Cuppy died of Bright’s disease on his farm near Elkhart on July 27, 1922, at 53. He was buried at Rice Cemetery in Elkhart.
George “Nig” Cuppy was only a minor contributor to the Boston Americans in 1901. Unfortunately for him, he was released before the end of the season and was no longer around when Boston won the World Series in 1903. He never got to celebrate a league championship. However, he had posted 162 major-league victories against just 98 losses, which is certainly worthy of celebration.
This biography can be found in “New Century, New Team: The 1901 Boston Americans” (SABR, 2013), edited by Bill Nowlin. To order the book, click here.
The kindness of Trey Strecker in sharing information about Cuppy’s life and career is deeply appreciated.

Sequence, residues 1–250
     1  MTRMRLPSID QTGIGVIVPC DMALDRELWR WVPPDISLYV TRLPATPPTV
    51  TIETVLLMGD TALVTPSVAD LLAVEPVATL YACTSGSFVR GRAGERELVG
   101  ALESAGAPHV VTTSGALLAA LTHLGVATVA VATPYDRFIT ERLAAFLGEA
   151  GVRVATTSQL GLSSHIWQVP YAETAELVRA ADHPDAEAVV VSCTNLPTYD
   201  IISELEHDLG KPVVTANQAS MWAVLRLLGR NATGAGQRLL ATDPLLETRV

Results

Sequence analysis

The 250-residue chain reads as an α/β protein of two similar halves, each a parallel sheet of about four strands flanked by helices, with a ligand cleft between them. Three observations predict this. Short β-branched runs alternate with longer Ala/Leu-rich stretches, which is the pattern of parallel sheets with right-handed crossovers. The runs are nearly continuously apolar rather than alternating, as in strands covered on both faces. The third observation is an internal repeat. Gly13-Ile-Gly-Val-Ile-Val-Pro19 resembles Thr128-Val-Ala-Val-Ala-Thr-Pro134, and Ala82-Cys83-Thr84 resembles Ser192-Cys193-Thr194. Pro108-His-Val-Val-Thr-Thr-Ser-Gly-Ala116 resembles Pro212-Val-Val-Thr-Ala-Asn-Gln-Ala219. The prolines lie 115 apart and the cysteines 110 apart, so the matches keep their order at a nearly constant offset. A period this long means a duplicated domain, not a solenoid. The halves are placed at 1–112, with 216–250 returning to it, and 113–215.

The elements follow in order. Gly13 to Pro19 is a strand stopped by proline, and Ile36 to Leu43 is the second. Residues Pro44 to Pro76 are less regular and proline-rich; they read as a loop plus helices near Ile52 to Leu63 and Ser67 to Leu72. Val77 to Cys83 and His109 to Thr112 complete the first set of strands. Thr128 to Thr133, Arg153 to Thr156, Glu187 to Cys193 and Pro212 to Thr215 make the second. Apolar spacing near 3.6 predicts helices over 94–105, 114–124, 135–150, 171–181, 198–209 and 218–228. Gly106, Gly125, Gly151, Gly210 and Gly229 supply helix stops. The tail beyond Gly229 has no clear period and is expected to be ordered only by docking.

Cuppy’s file at the National Baseball Hall of Fame
Rich Eldred, “George Joseph Cuppy,” in Baseball’s First Stars, Robert L. Tiemann and Mark Rucker, eds. (Cleveland: Society for American Baseball Research, 1996), 46.
David Nemec. Major League Baseball Profiles, 1871-1900, vol. 1. (Lincoln: University of Nebraska Press, 2011), 40-41.
1 Such a derogatory nickname would be unacceptable today, but nicknames based on physical characteristics were common in the early 20th century. Native Americans were routinely called “Chief”; deaf players were “Dummy.” Some of the better known examples include: Chief Bender, Three-Finger Brown, Nig Clarke, Fats Fothergill, and Dummy Hoy.
2 Logansport (Indiana) Pharos-Tribune, August 8, 1900.
3 Cleveland Press, November 17, 1906.
4 Cleveland Press, June 19, 1901.
5 Cleveland Press, September 14, 1901.
6 Logansport Daily Reporter, September 14, 1908.
7 New York Times, April 28, 1919.